When Tony Blair claims it is religious or cultural difference that will fuel 21st century wars, not the ideologies that caused past wars (The Observer, January 26, 2014) he shows only a skewed notion of religion's place in society and history. He projects a narrow idea of what it means to be religious, and diverts attention from other, more systemic problems.
A war of words has broken out over the veteran journalist John Pilger's allegation that scientific research put the Iraqi civilian death toll at 'up to a million'. Pilger was commenting recently on the BBC Radio 4 Today programme following polling finding most Britons believe only a few thousand died violently in the US and British led invasion, and the years since.
Before we blame radical Islam for terrorism and loss of freedom - consider that our Security Services blame our foreign policy, not any religion, for acts of terrorism. Radical Islam is a bastardisation of true, peaceful Islam. And the effect on our social fabric of continually scapegoating Muslims for our own aggression abroad is painful, and breeds yet more jihadists.
Ken Loach is helping to found new political party Left Unity in answer to the political vacuum that has existed in Britain for decades. Left Unity has attracted a lot of support over the last year... however a common criticism of Left Unity comes from people who agree with its principles, but argue that the most urgent task is kicking the Tories out and that it is unwise to split the left vote.
In the last fortnight a number of media commentators accused Russell Brand of naivete and political ignorance for his criticisms of the democratic system and the limitations of the right to vote. This week, however, the British public were presented with further evidence of how hollowed-out the democratic process has become, when the Chilcot Inquiry revealed that it was being denied access to 25 notes sent by Tony Blair to George Bush, and 130 documents relating to conversations between the two architects of the Iraq War, in addition to dozens of records of cabinet meetings.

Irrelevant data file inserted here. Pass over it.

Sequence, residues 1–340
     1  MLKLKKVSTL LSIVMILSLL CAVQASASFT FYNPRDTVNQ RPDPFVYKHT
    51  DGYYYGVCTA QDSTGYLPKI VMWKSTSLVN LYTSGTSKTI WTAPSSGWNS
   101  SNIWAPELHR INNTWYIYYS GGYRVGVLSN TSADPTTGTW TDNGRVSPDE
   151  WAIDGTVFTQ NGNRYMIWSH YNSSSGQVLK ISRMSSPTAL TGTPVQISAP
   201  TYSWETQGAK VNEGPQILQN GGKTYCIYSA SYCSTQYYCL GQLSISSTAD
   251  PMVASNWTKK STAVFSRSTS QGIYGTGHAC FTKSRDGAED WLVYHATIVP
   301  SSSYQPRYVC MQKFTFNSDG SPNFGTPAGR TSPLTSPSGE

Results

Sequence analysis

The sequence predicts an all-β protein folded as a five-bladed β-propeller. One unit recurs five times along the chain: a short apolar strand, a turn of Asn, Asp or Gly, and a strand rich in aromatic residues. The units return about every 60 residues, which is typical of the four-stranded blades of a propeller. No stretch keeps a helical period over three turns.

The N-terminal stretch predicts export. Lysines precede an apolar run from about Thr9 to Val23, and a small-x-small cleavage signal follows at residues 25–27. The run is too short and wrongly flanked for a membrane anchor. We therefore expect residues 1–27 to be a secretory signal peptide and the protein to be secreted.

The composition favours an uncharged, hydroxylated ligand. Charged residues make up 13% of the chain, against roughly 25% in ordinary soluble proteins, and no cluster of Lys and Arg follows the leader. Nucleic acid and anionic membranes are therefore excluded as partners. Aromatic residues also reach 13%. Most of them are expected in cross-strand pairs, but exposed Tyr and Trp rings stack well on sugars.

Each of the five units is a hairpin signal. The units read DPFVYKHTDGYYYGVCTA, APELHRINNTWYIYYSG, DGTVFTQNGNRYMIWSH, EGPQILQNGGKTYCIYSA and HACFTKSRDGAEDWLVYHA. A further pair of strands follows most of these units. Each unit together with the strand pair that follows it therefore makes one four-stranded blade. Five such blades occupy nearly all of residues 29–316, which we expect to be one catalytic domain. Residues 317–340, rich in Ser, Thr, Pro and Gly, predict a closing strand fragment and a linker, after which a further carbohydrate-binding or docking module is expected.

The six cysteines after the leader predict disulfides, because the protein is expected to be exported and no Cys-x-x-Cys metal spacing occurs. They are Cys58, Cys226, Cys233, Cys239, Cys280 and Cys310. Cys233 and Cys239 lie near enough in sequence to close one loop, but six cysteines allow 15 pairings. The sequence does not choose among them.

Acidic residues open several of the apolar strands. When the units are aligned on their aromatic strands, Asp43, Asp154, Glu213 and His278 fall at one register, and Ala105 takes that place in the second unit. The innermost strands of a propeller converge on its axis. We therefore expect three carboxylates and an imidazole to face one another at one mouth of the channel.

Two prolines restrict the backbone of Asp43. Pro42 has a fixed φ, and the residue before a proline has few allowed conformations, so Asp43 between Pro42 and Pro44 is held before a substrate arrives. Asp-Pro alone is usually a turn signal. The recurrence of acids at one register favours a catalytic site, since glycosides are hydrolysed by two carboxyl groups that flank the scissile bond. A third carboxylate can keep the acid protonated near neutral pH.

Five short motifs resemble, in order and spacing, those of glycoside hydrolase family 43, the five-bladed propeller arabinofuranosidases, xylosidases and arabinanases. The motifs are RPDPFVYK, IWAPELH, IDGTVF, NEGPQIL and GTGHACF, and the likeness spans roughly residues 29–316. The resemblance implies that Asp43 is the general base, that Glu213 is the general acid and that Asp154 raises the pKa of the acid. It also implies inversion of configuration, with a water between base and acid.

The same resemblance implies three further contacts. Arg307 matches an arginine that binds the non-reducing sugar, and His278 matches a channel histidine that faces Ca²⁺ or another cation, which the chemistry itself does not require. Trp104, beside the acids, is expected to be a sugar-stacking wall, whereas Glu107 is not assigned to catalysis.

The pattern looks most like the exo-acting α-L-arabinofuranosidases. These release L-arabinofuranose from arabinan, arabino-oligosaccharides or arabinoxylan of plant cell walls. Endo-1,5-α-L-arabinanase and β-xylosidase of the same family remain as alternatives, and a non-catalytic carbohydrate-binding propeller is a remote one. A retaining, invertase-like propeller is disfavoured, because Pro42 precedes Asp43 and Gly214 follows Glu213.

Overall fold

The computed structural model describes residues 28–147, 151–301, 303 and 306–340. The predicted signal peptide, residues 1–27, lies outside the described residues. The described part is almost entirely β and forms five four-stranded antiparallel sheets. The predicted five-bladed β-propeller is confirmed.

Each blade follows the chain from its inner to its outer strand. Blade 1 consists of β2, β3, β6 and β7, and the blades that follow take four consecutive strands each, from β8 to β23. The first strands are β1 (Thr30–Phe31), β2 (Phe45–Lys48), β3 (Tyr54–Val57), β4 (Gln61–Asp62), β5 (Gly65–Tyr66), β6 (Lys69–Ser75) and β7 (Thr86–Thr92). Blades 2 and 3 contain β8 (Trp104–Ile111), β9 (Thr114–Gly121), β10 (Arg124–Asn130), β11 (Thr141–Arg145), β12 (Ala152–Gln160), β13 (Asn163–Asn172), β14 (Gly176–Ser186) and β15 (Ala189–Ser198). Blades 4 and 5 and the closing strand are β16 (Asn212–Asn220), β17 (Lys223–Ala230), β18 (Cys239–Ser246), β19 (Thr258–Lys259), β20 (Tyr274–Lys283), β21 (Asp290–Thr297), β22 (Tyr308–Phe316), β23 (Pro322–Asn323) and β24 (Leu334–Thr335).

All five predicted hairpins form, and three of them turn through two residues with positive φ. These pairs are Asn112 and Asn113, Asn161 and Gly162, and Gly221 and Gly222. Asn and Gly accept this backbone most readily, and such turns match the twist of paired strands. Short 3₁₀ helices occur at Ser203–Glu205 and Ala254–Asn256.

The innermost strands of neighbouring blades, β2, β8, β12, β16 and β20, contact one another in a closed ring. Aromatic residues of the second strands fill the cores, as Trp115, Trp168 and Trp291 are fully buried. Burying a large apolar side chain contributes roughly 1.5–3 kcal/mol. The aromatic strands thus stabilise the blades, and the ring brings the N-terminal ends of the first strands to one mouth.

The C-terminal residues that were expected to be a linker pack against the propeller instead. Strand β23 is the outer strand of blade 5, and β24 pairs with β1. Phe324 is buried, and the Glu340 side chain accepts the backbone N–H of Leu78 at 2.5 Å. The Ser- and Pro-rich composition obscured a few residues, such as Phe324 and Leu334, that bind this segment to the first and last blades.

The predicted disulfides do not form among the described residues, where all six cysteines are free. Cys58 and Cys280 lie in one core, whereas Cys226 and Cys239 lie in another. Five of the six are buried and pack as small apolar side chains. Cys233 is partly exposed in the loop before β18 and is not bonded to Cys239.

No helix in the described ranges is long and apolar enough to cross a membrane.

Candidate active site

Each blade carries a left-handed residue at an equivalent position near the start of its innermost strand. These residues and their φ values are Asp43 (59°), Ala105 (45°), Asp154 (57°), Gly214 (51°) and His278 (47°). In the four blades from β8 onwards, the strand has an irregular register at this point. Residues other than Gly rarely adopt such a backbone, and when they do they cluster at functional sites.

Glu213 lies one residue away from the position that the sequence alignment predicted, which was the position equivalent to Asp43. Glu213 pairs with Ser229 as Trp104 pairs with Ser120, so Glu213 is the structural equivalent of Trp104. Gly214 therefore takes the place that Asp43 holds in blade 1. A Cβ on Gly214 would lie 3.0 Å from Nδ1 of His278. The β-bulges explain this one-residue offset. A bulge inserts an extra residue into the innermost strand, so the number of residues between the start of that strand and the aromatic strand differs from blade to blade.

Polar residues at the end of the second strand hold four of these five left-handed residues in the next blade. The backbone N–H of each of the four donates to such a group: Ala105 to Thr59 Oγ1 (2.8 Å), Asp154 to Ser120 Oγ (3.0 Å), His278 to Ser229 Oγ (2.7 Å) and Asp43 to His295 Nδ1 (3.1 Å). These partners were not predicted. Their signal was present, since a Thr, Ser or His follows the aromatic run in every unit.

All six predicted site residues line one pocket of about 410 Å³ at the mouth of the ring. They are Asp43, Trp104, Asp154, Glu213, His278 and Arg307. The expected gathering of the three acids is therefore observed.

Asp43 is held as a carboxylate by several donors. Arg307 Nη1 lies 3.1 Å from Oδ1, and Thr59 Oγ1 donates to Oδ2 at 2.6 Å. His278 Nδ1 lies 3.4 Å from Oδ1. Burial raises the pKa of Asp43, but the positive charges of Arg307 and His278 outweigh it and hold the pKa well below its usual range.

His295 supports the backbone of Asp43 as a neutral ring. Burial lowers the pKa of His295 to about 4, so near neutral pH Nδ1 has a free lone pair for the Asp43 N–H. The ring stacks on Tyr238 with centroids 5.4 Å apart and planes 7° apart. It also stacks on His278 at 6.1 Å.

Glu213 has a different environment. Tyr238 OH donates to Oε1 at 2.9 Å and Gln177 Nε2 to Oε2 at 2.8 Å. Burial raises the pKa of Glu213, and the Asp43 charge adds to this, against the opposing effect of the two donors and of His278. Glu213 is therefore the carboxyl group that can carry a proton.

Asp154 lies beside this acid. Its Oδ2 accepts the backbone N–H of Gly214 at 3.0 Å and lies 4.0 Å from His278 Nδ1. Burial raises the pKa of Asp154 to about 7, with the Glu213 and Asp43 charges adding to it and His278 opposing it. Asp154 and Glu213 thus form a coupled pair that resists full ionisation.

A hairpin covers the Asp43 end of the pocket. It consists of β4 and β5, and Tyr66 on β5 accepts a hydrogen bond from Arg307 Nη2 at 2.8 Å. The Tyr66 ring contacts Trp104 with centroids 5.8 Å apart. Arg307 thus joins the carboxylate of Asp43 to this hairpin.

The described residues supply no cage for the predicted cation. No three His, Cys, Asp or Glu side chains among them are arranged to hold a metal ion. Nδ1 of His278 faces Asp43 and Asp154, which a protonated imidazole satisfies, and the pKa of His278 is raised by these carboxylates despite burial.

The worthy practice of donating first-hand, with its inherent 'nothing in return' aspect, has been replaced with the more morally ambiguous purchasing of an mp3. When you put pennies in the Chelsea Pensioner's box and collect your poppy, you are forced, however momentarily, to individually reflect on the meaning of the paper token you've acquired.
Whether physically in power or not, Labour's reckless spending and their promises for the future tell me many things. One of these is that somewhere between the election in 2010 and present day 2013, the last person in their policy department forgot to turn out the lights before leaving and locking the door behind them.
The debate about bombing Syria is, in part, about the shock-and-awe policy of politics: most of us remember the shock-and-awe blitzkrieg unleashed over Baghdad as a curtain raiser to the 2003 invasion of Iraq. Shock-and-awe, known in military parlance as Rapid Dominance, is a doctrine developed at The National Defense University of the United States in1996.
At no point in the last two-and-a-half years has the spectre of Iraq been more sharply evident than in the events surrounding Secretary of State John Kerry's statement of the United States' intelligence and national-security case for limited military intervention in Syria following the apparent use of chemical weapons in attacks on Damascus...
On the one hand, the British public, clearly sceptical of intervention in Syria, had their voices heard. Last night was, however, also a profoundly bitter moment because of what it says to the world about the morality of the British people. Is it not ironic and tragic to be celebrating the triumph of democracy and freedom of speech through ignoring the cries of the Syrian people for exactly the same rights?